For each heavy instrumental song you release there exists an acoustic counterpart. What is it that you like so much about acoustic versions?
Vicky: The cello was made to be played acoustically. I love playing cello in a rock band, using a pick-up to amplify my sound so that it’s competing with the electric guitars and Dan’s loud drum kit. I think it sounds unique. However, I also love the opportunity to play the cello acoustically so that its voice can be heard properly and more “musically”, in a way. It gives it a completely different feel. Often, when people have watched us play an acoustic gig, people have asked us if we’ve changed the cello parts as they have never noticed some of the melodies and riffs that I play, but the parts are the same as always. They can just hear it clearer and in a different setting.
Do you write new songs with acoustic versions in mind?
Ste: No, not really. All the songs start out being written on an acoustic guitar or piano and then it’s really how far we take them as a band that decides whether they become acoustic or electric. You can just tell when you start working on them as a band if they’re going to work. Some songs don’t work acoustically at all, and vice versa.
“Emilia,” a single you released in 2014, was inspired simply because you met a woman named Emilia and felt her name would sound good in a song. Do you tend to draw lyrical inspiration from everyday encounters?
Ste: Yeah. All songs are personal. Whether the story is imagined or real, it’s all about personal experiences that you draw on as a songwriter. The content can be manipulated for poetic license but there’s always a realness there. Songs don’t work without a realness and universal truth in them. A 2 minute pop song with superficial lyrics isn’t going to last long. It’s always best to draw on something that people can relate to in their own lives. I was inspired by songs such as The Kinks “Victoria”, The Beatles “Eleanor Rigby” and The Zutons “Valerie” so I wanted to find a name that would sound good in a song. Luckily, we have a Swedish friend called Emilia who helps run the Threshold Festival in Liverpool and I liked the unusual spelling of the name, so that’s how it started. Musically, the song was based around Bowie and James Brown.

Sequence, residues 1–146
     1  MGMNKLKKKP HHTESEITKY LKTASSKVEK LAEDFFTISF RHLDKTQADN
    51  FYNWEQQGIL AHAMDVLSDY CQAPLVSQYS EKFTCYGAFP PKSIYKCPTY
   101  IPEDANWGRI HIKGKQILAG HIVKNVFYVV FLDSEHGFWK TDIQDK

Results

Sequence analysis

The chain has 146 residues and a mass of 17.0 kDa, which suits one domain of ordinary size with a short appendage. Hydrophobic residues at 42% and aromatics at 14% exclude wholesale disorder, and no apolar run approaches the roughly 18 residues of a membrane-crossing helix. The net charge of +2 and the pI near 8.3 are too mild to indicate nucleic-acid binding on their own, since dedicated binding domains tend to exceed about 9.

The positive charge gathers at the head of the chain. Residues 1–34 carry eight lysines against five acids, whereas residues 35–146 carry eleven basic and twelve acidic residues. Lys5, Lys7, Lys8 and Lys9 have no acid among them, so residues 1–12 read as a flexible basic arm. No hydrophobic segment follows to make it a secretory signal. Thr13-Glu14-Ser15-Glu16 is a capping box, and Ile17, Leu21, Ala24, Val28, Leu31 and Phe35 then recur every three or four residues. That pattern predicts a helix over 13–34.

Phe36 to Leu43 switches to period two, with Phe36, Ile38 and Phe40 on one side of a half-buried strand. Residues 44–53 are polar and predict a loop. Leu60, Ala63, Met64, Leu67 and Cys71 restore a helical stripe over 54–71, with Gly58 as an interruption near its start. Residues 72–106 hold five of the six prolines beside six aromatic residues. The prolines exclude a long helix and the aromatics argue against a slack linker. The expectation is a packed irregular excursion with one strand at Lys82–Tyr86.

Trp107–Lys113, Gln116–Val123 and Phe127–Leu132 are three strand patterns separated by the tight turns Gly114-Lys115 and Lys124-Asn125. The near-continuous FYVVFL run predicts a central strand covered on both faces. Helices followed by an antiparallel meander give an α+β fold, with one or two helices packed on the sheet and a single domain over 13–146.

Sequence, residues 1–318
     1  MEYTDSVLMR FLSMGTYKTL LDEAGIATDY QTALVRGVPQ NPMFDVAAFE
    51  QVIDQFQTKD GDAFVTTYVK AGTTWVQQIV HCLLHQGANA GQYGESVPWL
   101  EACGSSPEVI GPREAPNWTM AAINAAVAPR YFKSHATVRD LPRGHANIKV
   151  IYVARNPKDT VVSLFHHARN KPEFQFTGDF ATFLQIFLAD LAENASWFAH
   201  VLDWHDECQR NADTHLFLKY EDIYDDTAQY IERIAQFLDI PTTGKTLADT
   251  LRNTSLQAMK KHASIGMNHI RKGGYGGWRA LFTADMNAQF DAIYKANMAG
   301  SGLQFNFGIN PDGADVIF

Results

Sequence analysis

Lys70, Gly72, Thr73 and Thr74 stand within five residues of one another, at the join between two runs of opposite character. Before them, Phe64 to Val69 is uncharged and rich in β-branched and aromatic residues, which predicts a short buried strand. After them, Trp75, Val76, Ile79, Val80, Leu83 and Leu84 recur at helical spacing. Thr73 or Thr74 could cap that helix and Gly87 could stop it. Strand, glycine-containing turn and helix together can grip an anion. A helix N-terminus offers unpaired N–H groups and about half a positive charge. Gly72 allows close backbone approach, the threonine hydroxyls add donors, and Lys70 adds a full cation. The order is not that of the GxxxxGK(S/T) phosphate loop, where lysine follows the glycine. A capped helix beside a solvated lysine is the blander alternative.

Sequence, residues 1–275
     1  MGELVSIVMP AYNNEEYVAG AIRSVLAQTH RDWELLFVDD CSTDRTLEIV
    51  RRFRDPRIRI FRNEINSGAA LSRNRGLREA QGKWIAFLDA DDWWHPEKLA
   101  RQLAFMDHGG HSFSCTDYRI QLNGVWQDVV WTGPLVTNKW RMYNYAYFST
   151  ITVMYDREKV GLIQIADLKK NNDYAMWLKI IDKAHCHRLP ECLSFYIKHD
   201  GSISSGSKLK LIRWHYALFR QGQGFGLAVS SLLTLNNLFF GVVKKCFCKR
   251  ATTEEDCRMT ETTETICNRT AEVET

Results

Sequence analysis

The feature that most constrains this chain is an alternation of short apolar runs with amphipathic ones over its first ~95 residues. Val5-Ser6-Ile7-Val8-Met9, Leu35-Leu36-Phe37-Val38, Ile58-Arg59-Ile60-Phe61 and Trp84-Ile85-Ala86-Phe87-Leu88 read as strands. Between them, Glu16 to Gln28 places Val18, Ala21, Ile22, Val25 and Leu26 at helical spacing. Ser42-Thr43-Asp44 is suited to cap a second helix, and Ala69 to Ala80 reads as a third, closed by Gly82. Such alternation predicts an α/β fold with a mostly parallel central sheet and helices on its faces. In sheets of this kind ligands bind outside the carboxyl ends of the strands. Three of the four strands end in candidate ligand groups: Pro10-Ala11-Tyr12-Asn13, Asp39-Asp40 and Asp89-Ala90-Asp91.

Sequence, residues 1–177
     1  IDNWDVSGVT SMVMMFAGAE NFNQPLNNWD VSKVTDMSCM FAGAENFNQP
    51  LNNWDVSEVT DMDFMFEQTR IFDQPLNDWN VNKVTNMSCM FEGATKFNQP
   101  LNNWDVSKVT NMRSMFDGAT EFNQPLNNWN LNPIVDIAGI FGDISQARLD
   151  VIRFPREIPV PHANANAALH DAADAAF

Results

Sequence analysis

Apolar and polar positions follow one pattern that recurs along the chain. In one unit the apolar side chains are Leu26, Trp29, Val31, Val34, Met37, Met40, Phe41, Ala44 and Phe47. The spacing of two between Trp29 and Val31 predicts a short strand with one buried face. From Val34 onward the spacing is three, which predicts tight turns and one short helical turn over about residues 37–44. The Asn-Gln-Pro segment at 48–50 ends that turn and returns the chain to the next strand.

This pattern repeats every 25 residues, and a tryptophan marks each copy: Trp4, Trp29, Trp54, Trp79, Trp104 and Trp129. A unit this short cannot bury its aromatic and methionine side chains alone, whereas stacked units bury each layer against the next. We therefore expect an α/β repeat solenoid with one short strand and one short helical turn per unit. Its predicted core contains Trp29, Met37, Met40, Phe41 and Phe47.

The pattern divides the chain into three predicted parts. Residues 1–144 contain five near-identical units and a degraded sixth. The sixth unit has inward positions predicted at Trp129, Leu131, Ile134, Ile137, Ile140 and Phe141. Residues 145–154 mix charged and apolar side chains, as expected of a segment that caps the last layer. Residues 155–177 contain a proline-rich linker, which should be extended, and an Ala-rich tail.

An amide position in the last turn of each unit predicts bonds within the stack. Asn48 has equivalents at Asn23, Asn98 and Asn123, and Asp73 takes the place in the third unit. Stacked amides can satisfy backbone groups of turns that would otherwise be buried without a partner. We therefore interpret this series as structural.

What can listeners expect from you in the upcoming months?
Ste: We’ve started writing our next album, but it won’t be out in the next few months. We’ll have our first tour planned for next year to promote States of Decay and then we’ll focus on new material.
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cover photo: The Mono LPs © 2016